A stagehand could not get a rusty spotlight to focus. One actor forgot where he was to exit and another lost his prop.
The few last-minute glitches that beset the production of Our Town at North Harford Middle School last week did not dismay the seasoned directors who have guided eighth-grade students for the past 30 years.
The lead player fretted about forgetting a line.
"Don't panic if you miss a line," said Tom Berg, a social studies teacher at the Pylesville school. "Just give yourself a minute and look for me. I have the playbook."
Since 1978, the play has been the thing for Berg and colleague Ginger Huller. The teachers and students in their annually changing class of 13-year-olds have voiced the words of Shakespeare as well as American and other British playwrights. But with the fourth and final production of Our Town, the curtain may have fallen for the last time.
Huller and Berg are not quite ready to retire, but they want to teach for the next few years without fretting over casting, staging and rehearsing long hours after class.
"After 30 years and so many plays, we have decided it is time for us to end the tradition," said Huller, a language arts teacher. "All good things must come to an end."
But not before one last restaging of Thornton Wilder's tale of life in a small New England town.
"It's my favorite, because it is all about America," Huller said. "That is why it is so endearing and enduring."
Staging the drama four times shows their devotion to Our Town, Berg said.
"It's the universality," he said. "I see at rehearsals how the students are inferring its meaning in their own lives."
For Kaitlyn Dunn, who played the wife of the newspaper editor, it was "just too cool. I get to be a whole new person in a different time period."
The play requires a cast and crew of nearly 40, including three who shared the narrator's lengthy dialogue. It meant memorizing 90 pages and attending hours of practice.
"It is amazing that so many kids give up the time and energy," Berg said. "These are the same kids I can't get to do homework. But they will stay after school for hours of practice and learn their lines."
The work culminates in one show. It's rarely a sellout for the 735-seat auditorium in the round or, at $3 a ticket, a moneymaker. The audience typically includes families and friends of the class and several graduates who return to see how their successors fare on stage.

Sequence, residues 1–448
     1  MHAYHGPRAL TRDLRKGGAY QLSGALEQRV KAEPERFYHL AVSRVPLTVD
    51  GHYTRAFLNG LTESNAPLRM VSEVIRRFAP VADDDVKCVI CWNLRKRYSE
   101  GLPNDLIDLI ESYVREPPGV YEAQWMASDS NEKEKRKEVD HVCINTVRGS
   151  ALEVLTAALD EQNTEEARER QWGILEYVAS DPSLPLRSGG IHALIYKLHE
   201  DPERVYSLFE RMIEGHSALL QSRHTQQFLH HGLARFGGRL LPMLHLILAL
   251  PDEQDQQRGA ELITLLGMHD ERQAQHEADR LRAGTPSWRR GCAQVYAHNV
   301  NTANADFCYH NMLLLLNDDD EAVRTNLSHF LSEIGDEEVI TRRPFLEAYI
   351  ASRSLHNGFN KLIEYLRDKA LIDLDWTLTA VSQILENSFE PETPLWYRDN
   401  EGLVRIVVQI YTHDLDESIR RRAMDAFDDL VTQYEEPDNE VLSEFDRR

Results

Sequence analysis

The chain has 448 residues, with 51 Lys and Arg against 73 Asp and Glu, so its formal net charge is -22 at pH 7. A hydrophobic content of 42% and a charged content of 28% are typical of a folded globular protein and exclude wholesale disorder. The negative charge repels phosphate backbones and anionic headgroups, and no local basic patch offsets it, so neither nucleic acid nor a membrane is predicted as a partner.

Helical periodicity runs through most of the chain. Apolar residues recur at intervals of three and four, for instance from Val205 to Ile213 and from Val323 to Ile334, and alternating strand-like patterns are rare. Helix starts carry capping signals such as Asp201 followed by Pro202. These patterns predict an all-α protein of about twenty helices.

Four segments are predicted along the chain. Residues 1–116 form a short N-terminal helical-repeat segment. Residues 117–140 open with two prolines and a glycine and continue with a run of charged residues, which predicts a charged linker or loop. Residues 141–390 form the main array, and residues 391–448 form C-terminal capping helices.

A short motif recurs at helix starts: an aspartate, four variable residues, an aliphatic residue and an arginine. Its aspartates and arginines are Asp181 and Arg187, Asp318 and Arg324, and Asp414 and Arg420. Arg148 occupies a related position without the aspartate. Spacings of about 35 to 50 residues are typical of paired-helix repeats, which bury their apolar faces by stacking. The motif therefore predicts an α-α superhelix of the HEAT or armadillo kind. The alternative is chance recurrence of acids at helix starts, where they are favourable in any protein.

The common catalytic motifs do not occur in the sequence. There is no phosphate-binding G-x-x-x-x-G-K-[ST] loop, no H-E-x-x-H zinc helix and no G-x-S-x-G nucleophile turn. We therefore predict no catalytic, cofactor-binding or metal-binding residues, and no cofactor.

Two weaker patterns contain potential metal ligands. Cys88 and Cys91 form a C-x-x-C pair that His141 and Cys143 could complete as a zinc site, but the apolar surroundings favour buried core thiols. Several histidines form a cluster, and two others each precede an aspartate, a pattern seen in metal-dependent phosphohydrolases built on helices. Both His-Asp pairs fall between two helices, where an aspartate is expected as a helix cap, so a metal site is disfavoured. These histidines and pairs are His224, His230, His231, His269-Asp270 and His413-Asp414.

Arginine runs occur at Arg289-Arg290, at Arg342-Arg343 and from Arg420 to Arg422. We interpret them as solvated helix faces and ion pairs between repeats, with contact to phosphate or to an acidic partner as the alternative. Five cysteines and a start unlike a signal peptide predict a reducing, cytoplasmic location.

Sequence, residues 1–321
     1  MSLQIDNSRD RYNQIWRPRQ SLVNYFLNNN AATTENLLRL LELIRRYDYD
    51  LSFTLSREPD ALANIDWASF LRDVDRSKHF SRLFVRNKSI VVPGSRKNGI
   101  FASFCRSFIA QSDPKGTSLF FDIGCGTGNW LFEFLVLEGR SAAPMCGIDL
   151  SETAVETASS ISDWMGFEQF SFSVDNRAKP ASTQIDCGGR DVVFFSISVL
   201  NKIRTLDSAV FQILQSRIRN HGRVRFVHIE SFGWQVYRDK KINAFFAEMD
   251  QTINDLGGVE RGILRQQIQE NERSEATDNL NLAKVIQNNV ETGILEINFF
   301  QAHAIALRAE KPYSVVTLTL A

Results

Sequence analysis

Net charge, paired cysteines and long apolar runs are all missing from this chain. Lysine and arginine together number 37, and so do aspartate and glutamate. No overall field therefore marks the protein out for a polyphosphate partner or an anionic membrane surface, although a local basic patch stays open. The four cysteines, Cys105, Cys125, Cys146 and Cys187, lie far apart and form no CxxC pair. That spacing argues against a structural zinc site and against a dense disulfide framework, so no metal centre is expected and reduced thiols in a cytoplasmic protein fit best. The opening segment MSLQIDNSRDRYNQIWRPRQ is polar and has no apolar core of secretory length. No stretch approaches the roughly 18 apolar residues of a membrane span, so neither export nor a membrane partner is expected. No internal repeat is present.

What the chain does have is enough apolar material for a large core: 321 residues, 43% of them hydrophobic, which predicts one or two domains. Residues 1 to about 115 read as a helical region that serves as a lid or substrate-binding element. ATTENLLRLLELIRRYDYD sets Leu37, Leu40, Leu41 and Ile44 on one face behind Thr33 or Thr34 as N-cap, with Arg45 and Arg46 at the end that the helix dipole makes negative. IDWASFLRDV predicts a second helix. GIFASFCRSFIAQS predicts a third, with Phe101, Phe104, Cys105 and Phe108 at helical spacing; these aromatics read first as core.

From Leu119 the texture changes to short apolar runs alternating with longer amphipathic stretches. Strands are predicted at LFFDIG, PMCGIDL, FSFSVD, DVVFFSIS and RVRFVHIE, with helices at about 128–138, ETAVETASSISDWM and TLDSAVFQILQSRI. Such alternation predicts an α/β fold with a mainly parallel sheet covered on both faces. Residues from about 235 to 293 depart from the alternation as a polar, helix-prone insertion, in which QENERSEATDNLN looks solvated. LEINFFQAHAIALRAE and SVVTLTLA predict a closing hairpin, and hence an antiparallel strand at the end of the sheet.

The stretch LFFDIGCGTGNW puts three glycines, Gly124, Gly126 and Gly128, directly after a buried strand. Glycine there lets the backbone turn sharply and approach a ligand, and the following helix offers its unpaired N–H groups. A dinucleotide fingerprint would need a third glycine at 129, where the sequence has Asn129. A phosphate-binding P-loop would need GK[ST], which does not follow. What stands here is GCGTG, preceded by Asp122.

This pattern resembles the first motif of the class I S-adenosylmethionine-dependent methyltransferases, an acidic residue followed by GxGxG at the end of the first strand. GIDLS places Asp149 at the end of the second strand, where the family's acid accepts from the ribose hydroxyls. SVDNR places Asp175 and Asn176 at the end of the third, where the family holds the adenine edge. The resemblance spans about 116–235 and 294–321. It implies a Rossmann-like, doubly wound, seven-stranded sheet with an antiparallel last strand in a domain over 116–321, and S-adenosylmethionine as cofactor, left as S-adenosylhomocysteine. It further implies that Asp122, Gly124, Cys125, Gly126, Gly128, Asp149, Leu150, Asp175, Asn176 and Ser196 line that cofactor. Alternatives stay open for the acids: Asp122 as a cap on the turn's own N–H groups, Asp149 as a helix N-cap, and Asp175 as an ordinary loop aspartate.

"When we have a controversial play like Inherit the Wind, we might have a sellout," Berg said.
The tradition began with one act of Romeo and Juliet performed for parents and graduated to full productions of Macbeth, Anne Frank and Cheaper by the Dozen, among others.
The teachers have tied lessons to play themes - a Holocaust survivor, a creationist and a public defender offered the class real-life insights into issues they were staging. Flowers for Algernon prompted a trip to a learning center for developmentally disabled adults.
The cast gave schoolmates a preview last week, hoping they would return Friday evening to watch the whole story unfold.
Huller reminded the young audiences, many of whom had never seen a live production, that they could not talk back to the characters as they might to a TV screen. Neither would it be like going to the movies, with popcorn and soda in the lobby. The audience would have to watch, listen and use imagination, she said.
"There is not much scenery," she said. "Concentrate on the characters and what they have to say."
Applause was acceptable, whistling definitely was not, she said.
The two teachers gave each other a thumbs-up after the preview.
"I am always amazed at what an eighth-grader can do," Huller said.
Berg called the outcome satisfying.
"We see the metamorphosis from unskilled and untamed to mature actors," he said. "It is a slow evolution, but one that is wonderful to behold."
Berg wrote his farewell into an essay printed in the program.
"We never expected to do this for 30 years," he said. "There's probably a bit of insanity involved. But we have enjoyed working together and with the kids. It has been a great pleasure, with trials and tribulations like any other pleasure."
Huller asked the cast to read her "Goodbye to the Theatre" at the last curtain call. The whimsical poem ran through adieus to the hours of work and to the minutes of grandeur that are all part of the magic of drama. She said she hoped it was not a goodbye to drama at North Harford Middle.
"When school starts in September, kids ask when are tryouts," she said. "I know the sixth- and seventh-graders are all wondering if they will have a chance and hoping another teacher will take over."